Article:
Margaret Donnelly: 'Farmers need to come together to win this beef battle'

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Pictured at a protest outside the ABP Plant at Bandon Co Cork were members of the BEEF Plan movement Cork who are demanding better prices for beef farmers and intend to hold a week long protests at all ABP cork plants. Picture Denis Boyle
Pictured at a protest outside the ABP Plant at Bandon Co Cork were members of the BEEF Plan movement Cork who are demanding better prices for beef farmers and intend to hold a week long protests at all ABP cork plants. Picture Denis Boyle
Gardaí at a recent farmer protest. Picture Denis Boyle
Margaret Donnelly

Margaret Donnelly

When you see beef farmers protesting outside a meat factory on a bank holiday weekend Saturday night, you have to admire their commitment and resolve to better their situation.

But you also wonder what these protests can achieve? Beef farmers are coming under attack from all angles at the moment. Reduce cattle numbers say the climate action advocates. Stop eating meat altogether say vegans. And the Government seems, at best, disinterested in the plight of beef farmers.

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Mike Brady (see page 7) wonders if we're witnessing the end of traditional Irish beef farming?

Meanwhile, other farm organisations have so far declined to support the Beef Plan protests, at least in an official capacity, though some senior members have stood with protesters in recent days.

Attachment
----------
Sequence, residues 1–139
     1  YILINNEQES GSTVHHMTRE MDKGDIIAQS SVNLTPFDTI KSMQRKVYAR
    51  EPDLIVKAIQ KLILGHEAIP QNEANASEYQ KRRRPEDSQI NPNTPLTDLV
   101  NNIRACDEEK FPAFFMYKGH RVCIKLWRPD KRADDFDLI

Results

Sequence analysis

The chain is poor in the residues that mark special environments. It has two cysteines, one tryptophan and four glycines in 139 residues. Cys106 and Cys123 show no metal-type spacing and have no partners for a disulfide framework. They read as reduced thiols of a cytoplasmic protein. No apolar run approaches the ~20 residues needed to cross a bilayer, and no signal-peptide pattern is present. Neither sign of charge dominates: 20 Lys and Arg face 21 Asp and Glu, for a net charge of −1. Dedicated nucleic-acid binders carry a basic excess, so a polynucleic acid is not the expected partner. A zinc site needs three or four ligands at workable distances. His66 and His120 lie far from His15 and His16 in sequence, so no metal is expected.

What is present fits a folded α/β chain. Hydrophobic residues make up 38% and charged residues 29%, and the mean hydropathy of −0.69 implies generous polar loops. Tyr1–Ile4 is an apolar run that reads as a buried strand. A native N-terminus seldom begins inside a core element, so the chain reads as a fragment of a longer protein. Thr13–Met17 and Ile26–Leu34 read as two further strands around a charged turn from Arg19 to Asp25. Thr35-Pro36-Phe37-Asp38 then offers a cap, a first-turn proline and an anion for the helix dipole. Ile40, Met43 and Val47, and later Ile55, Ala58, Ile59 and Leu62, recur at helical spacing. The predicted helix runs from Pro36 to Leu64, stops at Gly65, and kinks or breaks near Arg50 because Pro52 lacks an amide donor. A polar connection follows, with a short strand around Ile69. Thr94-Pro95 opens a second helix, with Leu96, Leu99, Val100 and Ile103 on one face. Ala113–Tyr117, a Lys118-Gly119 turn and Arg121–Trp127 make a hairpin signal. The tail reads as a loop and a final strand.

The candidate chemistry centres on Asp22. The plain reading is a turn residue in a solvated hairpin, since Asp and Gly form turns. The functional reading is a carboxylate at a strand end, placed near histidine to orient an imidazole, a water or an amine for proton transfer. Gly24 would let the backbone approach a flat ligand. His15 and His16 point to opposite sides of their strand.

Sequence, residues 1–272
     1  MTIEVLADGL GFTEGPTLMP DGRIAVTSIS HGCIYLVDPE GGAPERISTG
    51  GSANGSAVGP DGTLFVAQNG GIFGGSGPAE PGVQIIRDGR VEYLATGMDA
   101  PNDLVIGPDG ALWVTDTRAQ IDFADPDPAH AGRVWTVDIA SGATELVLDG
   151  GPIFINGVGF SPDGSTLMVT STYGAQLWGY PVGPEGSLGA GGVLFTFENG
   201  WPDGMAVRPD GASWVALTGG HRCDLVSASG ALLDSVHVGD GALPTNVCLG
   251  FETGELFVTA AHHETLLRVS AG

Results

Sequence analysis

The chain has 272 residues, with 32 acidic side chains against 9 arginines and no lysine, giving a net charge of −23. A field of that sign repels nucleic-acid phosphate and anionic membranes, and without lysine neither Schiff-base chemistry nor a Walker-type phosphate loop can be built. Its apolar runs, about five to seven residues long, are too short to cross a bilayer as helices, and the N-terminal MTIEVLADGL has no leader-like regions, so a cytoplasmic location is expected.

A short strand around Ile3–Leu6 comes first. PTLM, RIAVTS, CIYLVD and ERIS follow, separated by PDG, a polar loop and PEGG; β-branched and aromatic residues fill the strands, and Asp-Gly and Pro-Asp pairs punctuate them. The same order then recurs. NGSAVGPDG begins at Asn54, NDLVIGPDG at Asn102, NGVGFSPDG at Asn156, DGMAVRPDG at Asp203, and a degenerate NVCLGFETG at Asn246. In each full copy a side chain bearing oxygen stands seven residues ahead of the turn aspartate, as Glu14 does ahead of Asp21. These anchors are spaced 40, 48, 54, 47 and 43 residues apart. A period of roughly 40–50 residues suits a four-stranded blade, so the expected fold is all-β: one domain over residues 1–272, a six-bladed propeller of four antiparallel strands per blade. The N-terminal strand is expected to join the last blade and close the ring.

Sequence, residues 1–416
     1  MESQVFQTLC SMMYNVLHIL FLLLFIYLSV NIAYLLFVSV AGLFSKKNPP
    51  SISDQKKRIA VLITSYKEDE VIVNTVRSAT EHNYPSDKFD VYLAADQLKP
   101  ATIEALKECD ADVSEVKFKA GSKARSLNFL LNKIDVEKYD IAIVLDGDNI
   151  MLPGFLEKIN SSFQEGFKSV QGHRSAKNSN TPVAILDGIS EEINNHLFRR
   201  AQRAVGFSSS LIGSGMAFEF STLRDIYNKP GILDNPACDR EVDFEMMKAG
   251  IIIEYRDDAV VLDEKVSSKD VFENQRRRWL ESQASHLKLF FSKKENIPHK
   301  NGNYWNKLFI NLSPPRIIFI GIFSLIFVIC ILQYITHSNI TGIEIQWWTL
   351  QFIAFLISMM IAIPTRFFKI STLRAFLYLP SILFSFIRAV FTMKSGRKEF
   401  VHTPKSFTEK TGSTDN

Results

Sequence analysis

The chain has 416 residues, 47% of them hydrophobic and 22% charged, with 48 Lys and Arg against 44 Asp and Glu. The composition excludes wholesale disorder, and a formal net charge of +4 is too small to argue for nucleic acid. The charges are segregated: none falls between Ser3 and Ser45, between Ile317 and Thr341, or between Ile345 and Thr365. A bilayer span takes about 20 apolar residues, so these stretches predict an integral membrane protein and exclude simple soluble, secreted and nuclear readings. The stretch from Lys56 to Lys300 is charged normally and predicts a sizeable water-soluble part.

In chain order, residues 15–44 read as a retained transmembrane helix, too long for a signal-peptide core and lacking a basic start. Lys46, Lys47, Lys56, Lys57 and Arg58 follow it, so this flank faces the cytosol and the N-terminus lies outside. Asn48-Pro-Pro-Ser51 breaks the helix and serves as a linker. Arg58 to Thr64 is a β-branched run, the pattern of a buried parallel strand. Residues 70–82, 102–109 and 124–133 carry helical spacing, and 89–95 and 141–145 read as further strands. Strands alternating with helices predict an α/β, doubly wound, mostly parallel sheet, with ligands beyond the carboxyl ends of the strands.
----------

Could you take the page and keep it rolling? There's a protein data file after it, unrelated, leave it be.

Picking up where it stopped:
Last week IFA staged its own beef protest, while ignoring the beef farmers - many them IFA members - who were already standing at factory gates.

What's starting to become clear is that, as much as neither party, might want to hear it, the IFA and the Beef Plan Movement need each other.

The IFA is clearly in need of the energy and enthusiasm that has been evident at the protests across the country this week. Meanwhile, the Beef Plan lacks experience, political clout and media contacts - elements the IFA has in spades.

Beef farmers want and need their situation highlighted. But for beef farmers to 'win' this contest, the battle lines must be clearly drawn.

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Right now, the Beef Plan is not negotiating and it therefore runs the risk of over-promising and under-delivering.

Whether or not the Beef Plan's protests will lead to any financial gains and long-term better terms remains to be seen, but the morale of the ordinary beef farmer has been boosted over the past week.

But with the support of the entire farming sector, it would be far more realistic to achieve a positive outcome.

The farmers at the gates of meat factories deserve more than they're currently getting.

But who can deliver on this remains to be seen?

There is no simple solution to the crisis, but divided farmers won't achieve anything positive.

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